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Online Mr. Scram

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Re: I died a little inside today.
« Reply #125 on: October 17, 2017, 07:45:50 AM »
In my hospital we had someone successfully prosecuted by NHS Fraud and sacked for taking something out of a dumpster on the premises last year.

At least some managers bypass that and give me electronics bits to tear down rather than go in the bin.

Cheers
In a lot of countries, trash can't be stolen, as you've already given up ownership. Otherwise it would mean the waste collector commits a crime at every address.
 

Online wilfred

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Re: I died a little inside today.
« Reply #126 on: October 17, 2017, 10:51:18 AM »
It is surprising to me the number of CRT TV's that still appear. It shouldn't because I know people who are still quite happy to watch them with their set top box.
The reduction in desktop PC's is less surprising since it probably reflects the rise of the tablet/phone/netbook. Or even the All-in-One PC.

What does surprise me is the still functional stuff people throw out. Not just electronics.

Where in Melbourne do they still put rubbish out en-masse for footpath  collection? My council just does them on request. But it is close to inner city and footpaths filled with rubbish is probably more of a problem where density is higher.

One thing that is useful is the gas lift in office chairs and the base with castors. They can be used to make a nice stable pot-plant stand.

 

Offline nanofrog

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Re: I died a little inside today.
« Reply #127 on: October 17, 2017, 11:10:39 AM »
One thing that is useful is the gas lift in office chairs and the base with castors. They can be used to make a nice stable pot-plant stand.
Now that's what I call creative recycling.  :clap:
 

Offline Old Don

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Re: I died a little inside today.
« Reply #128 on: October 17, 2017, 02:54:50 PM »
I forgot to mention that there was some government official standing at the crusher marking down each serial number as each bit of equipment got thrown in.

And the government can't figure out why our companies can't compete in the world market. "We have met the enemy and he is us." - Pogo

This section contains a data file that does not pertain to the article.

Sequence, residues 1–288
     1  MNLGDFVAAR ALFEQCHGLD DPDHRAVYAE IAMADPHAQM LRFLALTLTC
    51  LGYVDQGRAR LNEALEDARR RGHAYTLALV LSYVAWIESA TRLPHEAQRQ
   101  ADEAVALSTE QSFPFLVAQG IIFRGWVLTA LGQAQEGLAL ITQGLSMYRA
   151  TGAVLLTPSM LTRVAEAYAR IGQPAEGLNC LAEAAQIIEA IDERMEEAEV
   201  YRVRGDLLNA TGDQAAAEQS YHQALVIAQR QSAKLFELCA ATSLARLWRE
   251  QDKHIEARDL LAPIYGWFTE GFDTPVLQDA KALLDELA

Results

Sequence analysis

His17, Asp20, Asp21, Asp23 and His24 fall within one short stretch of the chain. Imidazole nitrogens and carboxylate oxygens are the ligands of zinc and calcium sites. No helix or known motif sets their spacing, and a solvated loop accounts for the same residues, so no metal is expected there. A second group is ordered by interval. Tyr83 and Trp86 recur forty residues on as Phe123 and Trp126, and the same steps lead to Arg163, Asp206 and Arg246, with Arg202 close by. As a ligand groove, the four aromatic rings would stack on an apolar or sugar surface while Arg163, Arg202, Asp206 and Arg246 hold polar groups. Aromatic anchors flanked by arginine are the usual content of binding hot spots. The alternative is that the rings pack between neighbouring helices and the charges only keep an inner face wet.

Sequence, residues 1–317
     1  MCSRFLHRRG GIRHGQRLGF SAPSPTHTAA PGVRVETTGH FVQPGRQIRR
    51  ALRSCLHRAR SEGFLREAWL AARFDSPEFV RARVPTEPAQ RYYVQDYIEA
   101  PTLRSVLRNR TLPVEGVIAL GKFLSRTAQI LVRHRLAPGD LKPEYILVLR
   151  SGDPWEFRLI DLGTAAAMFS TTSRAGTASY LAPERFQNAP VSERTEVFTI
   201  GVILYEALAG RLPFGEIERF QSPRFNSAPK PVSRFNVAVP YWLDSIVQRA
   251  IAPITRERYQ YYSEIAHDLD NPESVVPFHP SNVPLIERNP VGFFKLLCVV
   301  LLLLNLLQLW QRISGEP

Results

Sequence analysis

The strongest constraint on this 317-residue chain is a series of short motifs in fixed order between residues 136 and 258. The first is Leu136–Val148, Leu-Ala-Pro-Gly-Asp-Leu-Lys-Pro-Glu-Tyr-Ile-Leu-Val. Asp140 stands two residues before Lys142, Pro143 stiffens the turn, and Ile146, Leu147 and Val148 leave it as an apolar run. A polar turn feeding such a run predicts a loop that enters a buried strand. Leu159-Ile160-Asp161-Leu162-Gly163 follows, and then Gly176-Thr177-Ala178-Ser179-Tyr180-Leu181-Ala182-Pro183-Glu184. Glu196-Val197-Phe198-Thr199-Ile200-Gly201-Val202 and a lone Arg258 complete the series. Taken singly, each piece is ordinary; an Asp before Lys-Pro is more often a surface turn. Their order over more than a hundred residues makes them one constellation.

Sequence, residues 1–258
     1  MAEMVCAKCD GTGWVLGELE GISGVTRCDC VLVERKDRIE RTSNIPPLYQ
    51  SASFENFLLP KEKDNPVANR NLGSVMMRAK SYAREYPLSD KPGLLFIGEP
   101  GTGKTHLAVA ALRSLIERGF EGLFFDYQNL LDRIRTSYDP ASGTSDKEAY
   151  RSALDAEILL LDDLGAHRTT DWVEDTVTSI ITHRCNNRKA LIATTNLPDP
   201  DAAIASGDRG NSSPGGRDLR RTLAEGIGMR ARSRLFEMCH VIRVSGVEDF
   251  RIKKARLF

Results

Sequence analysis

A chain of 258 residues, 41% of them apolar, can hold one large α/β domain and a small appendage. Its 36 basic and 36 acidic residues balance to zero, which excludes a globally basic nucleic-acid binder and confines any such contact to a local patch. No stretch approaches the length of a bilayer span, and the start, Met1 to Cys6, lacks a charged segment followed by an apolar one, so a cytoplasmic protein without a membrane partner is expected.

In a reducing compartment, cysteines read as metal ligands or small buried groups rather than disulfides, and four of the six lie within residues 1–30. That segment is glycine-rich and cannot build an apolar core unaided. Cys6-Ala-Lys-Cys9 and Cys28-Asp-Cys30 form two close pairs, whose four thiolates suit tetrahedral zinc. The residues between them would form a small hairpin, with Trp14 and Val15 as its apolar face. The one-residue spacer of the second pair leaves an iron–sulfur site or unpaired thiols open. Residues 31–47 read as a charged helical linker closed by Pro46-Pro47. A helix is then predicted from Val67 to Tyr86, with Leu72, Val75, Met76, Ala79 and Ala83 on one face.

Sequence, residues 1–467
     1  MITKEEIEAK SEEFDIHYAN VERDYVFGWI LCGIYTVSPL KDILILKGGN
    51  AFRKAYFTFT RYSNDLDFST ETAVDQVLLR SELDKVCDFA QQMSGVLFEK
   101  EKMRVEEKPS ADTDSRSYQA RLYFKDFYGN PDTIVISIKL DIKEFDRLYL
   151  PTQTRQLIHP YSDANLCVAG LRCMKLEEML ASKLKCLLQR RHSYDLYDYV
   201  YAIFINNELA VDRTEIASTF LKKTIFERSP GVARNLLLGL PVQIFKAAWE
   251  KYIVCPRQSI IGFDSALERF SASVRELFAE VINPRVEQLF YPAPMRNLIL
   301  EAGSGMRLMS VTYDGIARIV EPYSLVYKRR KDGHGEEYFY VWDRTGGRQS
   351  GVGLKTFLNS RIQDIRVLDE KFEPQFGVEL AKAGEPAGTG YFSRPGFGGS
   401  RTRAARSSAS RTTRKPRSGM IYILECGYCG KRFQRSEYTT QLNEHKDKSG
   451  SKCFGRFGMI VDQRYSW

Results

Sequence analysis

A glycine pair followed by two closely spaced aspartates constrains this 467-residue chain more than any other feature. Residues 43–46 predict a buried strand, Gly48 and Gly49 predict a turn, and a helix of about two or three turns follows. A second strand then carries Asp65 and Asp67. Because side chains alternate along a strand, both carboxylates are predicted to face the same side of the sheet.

Retired - Formerly: Navy ET, University of Buffalo Electronic Tech, Field Engineer and former laptop repair business owner
 

Offline Red Squirrel

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Re: I died a little inside today.
« Reply #129 on: October 17, 2017, 04:06:51 PM »
I hate this kind of waste, it's usually political more than anything.  There's usually a reason for it but they're all stupid reasons imo.  It's waste, pure waste.

It's even more horrible in the insurance industry, things that could be going to less fortunate people like clothing get destroyed.  Like say a clothing store gets a flood they just write off everything and order it destroyed.  Those are the kind of things that make me hate humanity.
 

Offline vk3yedotcom

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Re: I died a little inside today.
« Reply #130 on: October 17, 2017, 07:00:45 PM »

Where in Melbourne do they still put rubbish out en-masse for footpath  collection? My council just does them on request. But it is close to inner city and footpaths filled with rubbish is probably more of a problem where density is higher.

City of Kingston.  Some suburbs has been collected but you're not too late for other areas http://www.kingston.vic.gov.au/Services/Rubbish-and-Recycling/Hard-Waste-Collection
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Offline bd139

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Re: I died a little inside today.
« Reply #131 on: October 17, 2017, 07:14:40 PM »
Quick note as I used to deal in electronics years ago. If you find out who the recycler is, they will probably sell you the stuff rather than recycle it. It’s much more profitable to sell it to you than recycle it. There are a few people I know who work for WEEE disposal here in the U.K. and they to this day resell more stuff than they crush and part out.
 

Offline Muttley Snickers

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Re: I died a little inside today.
« Reply #132 on: October 17, 2017, 07:24:30 PM »
The City of Darebin still has the kerb side collections and the last flyer they sent out just prior declared that professional scroungers would be prosecuted, we did witness many large vans collecting white goods, bed frames and other metallic objects probably for the scrap metal value,  I've just moved to the City of Whittlesea and not unlike the council itself have little or no clue as to the goings on up this way.   ::) :P

One smart cookie, better make that two for good measure.
 

Offline IanMacdonald

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Re: I died a little inside today.
« Reply #133 on: October 17, 2017, 07:52:03 PM »
Most of this is due to scrooge-type bureaucracy. Departments have a budget, but if a department improves its efficiency and reduces its costs, then it gets penalized by having its budget reduced. So, they always use up their budget so it can't be reduced next year. If they don't actually need new gear they just throw away some serviceable stuff.  I recall employees at a certain defence manufacturer reporting that a skip full of near-new electronics hand tools was sent to landfill. Employees were strictly warned not to take any of them for personal use. Probably because if they were seen around then someone might twig that they didn't need replacing.  :-X
 

Offline bd139

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Re: I died a little inside today.
« Reply #134 on: October 17, 2017, 08:15:48 PM »
The NHS are worse. My brother-in-law handles a trust's inventory. They just paid a recycler to take 500-ish monitors and desktops away. These hadn't even been unboxed. They fucked up their windows 7 deployment so they just sat there for 4 years. Then they bought new ones for windows 10 which are sitting in a warehouse and they can't proceed because the clinical systems don't work on windows 10 yet ...  :palm: